2. In the past 20 years, human activities such as industrial logging and mining have destroyed approximately 80 percent of the orangutan's rain-forest habitat. While some of the remaining forests are protected, many people often illegally chop down the forests' trees to sell the wood for much needed income. In addition, demand for palm oil has boomed. Indonesia and Malaysia, the two countries that encompass the orangutans' remaining habitat, are also the world's biggest producers of palm oil. As each country converts more sections of their rain forests into financially rewarding palm oil plantations, the apes are further squeezed out of their homes.

3. It is illegal to commercially trade an orangutan, so it's unlawful to purchase one as a pet. Also, young orangutans grow into large wild animals that are difficult to control.

4. Young orangutans rely on their mothers to teach them everything from how to find food to how to socialize with other apes. An orangutan that grew up in captivity--and without a mother's guidance--would have a hard time surviving in the rain forest. Rescued orangutans need to spend years at rehabilitation centers, trying to learn basic survival skills.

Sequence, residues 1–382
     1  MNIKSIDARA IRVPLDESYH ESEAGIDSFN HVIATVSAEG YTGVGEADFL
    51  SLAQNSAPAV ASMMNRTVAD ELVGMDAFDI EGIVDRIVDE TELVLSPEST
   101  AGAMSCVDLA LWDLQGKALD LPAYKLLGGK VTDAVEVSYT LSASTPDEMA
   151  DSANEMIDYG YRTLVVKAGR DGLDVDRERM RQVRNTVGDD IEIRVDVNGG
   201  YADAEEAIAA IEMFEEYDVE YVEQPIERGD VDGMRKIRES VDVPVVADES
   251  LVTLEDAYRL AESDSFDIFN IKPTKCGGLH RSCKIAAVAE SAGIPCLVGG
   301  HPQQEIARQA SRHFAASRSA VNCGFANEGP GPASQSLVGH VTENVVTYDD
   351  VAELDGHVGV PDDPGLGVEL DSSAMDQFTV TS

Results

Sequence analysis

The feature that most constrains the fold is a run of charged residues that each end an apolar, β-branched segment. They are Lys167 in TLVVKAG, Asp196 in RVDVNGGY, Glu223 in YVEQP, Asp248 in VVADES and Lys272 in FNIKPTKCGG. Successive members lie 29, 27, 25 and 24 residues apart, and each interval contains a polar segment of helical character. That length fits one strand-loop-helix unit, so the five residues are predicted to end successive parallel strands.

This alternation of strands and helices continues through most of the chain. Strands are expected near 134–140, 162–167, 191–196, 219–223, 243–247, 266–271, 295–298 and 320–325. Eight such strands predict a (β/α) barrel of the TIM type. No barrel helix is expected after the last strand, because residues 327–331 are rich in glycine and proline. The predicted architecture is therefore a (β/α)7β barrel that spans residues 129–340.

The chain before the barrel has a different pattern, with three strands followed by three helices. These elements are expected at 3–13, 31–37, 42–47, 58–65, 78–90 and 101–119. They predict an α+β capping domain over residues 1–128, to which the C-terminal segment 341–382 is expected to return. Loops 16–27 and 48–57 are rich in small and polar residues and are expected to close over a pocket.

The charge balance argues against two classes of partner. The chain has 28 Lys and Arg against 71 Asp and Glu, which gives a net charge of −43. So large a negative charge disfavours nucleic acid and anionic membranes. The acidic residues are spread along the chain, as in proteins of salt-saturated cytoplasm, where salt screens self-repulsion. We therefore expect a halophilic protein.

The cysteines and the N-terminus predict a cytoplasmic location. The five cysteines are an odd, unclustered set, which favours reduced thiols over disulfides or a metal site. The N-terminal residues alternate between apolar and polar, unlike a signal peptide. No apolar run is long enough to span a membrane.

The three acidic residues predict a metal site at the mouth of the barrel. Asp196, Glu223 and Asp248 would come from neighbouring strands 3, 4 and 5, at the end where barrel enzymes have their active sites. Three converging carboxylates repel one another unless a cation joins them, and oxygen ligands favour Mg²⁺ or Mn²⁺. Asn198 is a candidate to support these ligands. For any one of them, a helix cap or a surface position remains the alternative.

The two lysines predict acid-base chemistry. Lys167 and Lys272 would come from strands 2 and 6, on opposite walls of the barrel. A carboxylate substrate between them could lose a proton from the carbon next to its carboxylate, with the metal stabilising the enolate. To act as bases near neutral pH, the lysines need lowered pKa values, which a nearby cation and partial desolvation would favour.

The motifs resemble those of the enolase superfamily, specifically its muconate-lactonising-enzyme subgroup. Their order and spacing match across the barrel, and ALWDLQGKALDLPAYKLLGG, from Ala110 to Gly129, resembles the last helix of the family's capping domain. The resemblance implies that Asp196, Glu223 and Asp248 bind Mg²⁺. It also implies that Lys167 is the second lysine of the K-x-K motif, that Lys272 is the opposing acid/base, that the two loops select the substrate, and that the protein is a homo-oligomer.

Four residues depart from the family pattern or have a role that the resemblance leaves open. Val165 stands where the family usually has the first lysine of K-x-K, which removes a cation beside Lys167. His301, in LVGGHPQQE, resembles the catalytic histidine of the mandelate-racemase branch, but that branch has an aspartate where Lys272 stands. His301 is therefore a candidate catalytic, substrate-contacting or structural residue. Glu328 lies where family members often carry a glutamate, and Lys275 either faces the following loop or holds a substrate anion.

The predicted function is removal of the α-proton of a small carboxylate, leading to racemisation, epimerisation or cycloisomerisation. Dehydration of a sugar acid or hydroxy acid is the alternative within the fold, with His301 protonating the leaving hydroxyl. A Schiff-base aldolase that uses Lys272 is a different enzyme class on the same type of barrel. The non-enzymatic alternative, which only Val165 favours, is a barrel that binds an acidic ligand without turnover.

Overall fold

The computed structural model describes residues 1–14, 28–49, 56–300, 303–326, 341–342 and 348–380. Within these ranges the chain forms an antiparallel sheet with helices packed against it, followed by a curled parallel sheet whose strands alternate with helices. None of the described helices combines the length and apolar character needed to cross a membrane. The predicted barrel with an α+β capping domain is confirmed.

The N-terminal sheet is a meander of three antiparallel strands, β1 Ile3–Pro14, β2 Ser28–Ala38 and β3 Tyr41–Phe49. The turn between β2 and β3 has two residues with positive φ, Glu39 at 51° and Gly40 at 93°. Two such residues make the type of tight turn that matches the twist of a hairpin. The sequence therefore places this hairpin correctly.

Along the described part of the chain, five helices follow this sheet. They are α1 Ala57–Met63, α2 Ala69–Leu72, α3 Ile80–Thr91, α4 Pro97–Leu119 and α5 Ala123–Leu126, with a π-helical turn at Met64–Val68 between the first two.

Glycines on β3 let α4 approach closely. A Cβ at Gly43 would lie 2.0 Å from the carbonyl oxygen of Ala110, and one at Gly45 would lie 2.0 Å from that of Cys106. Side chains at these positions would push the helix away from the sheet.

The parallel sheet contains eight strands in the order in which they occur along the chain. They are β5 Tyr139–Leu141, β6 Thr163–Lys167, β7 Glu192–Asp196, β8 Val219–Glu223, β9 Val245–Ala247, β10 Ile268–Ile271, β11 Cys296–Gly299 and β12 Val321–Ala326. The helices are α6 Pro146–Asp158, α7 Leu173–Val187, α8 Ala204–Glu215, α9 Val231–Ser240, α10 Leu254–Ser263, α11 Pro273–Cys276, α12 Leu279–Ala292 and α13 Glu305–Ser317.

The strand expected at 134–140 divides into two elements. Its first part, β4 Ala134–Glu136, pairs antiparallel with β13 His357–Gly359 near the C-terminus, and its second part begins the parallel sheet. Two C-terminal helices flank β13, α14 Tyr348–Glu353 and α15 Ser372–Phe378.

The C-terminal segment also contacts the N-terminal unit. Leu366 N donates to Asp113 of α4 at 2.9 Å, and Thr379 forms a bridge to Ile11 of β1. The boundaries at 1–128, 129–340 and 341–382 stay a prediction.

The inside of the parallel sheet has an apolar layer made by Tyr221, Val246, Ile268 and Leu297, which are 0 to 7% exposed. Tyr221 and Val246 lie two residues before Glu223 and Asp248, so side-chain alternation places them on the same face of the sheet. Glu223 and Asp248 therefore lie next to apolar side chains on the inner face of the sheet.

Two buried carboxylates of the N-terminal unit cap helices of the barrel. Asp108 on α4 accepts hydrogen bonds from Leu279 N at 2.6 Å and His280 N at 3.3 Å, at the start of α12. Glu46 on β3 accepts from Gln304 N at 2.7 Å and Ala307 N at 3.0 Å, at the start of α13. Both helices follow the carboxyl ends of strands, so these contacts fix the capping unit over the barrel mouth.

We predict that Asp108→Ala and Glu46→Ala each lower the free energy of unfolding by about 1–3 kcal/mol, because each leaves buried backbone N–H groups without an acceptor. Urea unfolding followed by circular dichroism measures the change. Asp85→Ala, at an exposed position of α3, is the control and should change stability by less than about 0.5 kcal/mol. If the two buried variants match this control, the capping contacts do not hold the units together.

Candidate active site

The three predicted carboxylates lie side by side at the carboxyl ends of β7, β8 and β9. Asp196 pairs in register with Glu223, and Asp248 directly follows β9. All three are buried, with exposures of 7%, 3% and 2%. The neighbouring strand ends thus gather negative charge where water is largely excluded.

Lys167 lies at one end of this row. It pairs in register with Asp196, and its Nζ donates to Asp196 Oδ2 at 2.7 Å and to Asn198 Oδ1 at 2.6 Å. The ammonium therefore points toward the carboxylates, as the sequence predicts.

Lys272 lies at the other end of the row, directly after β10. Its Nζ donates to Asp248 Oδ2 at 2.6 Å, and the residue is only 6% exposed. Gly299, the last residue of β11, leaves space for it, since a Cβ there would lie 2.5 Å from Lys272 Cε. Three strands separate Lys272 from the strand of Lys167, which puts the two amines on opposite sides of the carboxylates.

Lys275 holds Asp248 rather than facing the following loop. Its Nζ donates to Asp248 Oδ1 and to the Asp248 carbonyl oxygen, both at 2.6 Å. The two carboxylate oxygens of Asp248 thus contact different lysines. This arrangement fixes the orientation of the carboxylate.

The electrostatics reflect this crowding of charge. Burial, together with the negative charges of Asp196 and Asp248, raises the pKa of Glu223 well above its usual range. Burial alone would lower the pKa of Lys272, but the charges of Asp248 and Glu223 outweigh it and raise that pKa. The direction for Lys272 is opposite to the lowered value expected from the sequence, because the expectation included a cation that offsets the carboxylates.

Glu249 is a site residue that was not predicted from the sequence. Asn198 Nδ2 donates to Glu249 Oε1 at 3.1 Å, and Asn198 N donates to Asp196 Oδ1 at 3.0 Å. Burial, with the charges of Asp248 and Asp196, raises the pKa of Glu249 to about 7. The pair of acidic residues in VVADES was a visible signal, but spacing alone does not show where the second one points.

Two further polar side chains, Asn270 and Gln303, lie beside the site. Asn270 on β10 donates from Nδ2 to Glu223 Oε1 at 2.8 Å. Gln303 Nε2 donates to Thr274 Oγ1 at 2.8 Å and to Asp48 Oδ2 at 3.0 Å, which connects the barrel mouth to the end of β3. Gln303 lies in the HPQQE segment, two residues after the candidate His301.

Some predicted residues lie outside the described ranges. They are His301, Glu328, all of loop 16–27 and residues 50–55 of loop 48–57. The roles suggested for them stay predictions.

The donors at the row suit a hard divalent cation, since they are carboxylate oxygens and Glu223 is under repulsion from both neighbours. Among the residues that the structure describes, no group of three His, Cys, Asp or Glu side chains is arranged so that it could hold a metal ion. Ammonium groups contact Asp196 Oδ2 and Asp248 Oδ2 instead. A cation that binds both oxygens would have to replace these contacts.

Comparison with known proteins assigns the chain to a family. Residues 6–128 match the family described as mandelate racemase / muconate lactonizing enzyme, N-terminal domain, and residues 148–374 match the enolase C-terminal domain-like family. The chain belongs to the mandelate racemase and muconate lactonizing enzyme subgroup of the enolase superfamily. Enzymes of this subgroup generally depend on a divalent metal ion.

5. The Indonesian and Malaysian governments are making efforts to crack down on illegal logging and poaching. Conservation groups patrol various orangutan habitats and help educate people about the animals' ordeal. The groups also help local residents find alternatives to illegal logging.

For example: The residents could sell sweets made from local fruit
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Article Details
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Title Annotation:Around the World
Author:Adams, Jacqueline
Publication:Science World
Date:Feb 5, 2007
Words:1803
Previous Article:Big shot: with the help of physics, a teenage pool player goes pro.